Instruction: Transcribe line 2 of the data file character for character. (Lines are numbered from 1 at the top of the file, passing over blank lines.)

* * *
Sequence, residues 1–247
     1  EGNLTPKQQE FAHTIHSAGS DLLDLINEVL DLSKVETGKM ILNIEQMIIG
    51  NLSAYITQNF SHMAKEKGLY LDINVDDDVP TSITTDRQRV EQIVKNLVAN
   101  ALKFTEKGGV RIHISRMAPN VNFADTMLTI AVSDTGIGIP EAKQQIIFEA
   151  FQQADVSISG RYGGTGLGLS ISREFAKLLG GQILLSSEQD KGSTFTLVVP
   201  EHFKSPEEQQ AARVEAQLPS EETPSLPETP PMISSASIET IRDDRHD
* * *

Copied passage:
     1  EGNLTPKQQE FAHTIHSAGS DLLDLINEVL DLSKVETGKM ILNIEQMIIG